"Changing the Narrative,” a 14-part digital series produced by NBCUniversal News Group and sponsored by the W.K. Kellogg Foundation, takes viewers on a journey examining the impacts of racial trauma across the country - past and present - all while highlighting the people working to heal and uplift their communities. NBC News journalists connected with a diverse group of local leaders and activists for honest conversations about race and to give viewers a look at the impact their initiatives have had on creating a more equitable future. The digital series allows viewers to hear directly from community members on how to better support their communities and each other.
The series focuses on changemakers and how they created spaces of healing in their communities despite the impact of racism, a history of segregation, and its lasting effects. The series aims to showcase the challenges people across the country face because of racism and how, despite that, these communities are changing the narrative and making a difference within their neighborhoods and cities. By highlighting socio-economic and geographical issues that affect certain communities more than others, NBC News informs viewers about the impacts of systemic racism in the U.S. The series also showcases resources around racial healing, as well as inspires conversation and action towards a more equitable future by spotlighting the work of activists and community leaders.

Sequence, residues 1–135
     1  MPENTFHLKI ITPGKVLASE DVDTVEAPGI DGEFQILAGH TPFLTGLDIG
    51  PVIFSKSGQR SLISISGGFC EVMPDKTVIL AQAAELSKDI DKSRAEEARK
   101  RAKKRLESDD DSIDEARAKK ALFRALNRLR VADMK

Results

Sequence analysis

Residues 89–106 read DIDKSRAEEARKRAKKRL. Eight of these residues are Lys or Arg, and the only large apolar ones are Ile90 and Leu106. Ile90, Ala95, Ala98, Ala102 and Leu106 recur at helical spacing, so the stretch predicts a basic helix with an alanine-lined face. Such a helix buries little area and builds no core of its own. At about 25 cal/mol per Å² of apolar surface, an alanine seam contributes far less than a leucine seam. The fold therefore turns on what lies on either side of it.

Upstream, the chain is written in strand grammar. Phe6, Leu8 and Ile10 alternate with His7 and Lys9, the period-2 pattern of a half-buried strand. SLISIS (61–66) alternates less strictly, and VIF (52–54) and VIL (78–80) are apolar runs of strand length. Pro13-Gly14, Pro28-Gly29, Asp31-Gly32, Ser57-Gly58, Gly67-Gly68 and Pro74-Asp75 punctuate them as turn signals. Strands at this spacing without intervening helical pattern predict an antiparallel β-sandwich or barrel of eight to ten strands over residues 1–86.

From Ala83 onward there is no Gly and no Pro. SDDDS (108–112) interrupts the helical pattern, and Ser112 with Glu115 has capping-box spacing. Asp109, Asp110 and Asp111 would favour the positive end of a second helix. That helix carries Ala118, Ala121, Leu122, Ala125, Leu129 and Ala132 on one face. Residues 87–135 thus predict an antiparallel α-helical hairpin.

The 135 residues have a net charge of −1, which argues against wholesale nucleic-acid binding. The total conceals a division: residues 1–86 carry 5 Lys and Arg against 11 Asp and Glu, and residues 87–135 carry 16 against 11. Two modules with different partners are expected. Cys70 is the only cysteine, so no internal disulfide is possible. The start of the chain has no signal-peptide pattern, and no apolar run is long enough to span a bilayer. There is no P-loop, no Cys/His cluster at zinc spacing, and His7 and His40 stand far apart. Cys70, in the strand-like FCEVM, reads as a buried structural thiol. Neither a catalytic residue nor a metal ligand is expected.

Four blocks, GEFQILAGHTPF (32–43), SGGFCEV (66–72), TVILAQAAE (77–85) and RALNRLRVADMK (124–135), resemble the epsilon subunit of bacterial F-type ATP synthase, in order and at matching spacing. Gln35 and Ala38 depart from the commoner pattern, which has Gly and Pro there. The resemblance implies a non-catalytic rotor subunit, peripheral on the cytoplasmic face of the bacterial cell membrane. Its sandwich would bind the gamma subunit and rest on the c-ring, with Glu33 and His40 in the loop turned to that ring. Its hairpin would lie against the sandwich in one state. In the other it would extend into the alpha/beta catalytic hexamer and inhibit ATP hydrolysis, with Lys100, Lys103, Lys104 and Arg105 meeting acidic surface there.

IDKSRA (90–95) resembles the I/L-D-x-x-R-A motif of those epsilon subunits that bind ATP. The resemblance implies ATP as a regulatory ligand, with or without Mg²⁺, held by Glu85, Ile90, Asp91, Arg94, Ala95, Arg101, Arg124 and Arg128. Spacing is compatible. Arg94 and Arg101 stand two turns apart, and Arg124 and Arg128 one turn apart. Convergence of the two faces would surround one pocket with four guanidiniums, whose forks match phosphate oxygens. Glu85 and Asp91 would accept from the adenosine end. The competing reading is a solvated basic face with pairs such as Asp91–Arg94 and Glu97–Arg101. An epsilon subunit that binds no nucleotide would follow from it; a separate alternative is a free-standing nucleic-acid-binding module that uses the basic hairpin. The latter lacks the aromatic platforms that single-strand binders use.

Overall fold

Through a sponsorship with the W.K. Kellogg Foundation, the NBCUniversal News Group produced the 14-episode digital series, “Changing the Narrative.” Because of the Kellogg Foundation’s deep connections in these spaces, NBC News journalists Maya Eaglin and Claretta Bellamy gained unfiltered access to communities of color across the country impacted by the legacies of racial trauma and spotlighting the grassroots work being done in those communities. The series explored a wide range of issues from language discrimination to the effects of Jim Crow laws to a mass shooting. These communities included Buffalo, New York; Battle Creek, Michigan; Selma, Alabama; and the New Orleans, Louisiana, area. Eaglin and Bellamy immersed themselves in the neighborhoods alongside activists and community leaders who work to change the narrative surrounding race in the U.S.
Overall, the series aims to uncover how to be better allies and support local communities in tangible, accessible ways. To further extend its impact, the series was published on NBCNews.com and partly streamed on NBC News Now and Peacock leading up to the National Day of Racial Healing Town Hall specials hosted by MSNBC and Telemundo in New Orleans. The town halls sought to illustrate how to navigate the path to racial healing through panel discussions about these issues, which also furthered the goal of the digital series to highlight resources and encourage solidarity across communities.